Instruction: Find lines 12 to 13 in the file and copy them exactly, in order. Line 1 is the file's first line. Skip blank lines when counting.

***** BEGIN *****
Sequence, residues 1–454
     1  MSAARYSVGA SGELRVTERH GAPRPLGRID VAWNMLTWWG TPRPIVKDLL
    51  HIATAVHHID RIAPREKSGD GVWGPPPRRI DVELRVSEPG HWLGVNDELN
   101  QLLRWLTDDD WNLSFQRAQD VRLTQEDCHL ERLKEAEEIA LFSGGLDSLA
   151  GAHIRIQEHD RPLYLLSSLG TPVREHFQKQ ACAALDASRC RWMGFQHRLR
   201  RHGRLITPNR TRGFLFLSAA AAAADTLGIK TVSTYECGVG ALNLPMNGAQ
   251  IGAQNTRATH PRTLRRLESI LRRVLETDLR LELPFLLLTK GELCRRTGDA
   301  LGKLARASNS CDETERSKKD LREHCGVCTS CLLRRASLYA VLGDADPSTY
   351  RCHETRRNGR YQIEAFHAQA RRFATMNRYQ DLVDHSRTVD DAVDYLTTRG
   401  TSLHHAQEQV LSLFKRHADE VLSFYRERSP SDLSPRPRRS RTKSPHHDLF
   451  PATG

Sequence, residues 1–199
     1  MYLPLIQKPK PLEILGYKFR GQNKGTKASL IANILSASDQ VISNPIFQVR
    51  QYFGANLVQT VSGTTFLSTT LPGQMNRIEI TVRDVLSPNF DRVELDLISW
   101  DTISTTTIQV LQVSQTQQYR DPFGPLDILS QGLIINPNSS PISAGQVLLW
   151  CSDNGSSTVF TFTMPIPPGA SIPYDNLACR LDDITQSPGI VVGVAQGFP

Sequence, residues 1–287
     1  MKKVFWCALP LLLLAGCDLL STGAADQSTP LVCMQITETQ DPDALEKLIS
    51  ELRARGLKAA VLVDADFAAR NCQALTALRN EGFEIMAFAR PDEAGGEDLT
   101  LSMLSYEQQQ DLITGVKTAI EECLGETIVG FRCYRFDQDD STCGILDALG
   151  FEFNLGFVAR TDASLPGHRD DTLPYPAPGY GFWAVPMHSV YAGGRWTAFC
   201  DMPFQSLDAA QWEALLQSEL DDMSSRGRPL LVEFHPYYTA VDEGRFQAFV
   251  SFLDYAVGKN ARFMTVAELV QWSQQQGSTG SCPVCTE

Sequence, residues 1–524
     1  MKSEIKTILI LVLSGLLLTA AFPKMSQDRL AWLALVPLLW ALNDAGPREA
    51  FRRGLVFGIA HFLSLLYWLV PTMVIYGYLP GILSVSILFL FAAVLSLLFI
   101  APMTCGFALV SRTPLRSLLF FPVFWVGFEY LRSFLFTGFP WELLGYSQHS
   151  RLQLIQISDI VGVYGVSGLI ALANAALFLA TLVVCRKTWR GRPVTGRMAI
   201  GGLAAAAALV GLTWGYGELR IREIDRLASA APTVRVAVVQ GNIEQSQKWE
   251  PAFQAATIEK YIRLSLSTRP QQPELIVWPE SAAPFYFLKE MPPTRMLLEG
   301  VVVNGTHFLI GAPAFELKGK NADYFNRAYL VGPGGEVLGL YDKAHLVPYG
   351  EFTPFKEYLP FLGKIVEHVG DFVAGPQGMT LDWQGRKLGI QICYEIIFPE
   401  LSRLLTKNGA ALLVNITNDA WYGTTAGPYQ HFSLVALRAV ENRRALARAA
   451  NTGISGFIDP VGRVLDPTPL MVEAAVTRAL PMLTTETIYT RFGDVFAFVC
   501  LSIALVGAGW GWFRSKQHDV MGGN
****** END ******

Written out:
Sequence, residues 1–199
     1  MYLPLIQKPK PLEILGYKFR GQNKGTKASL IANILSASDQ VISNPIFQVR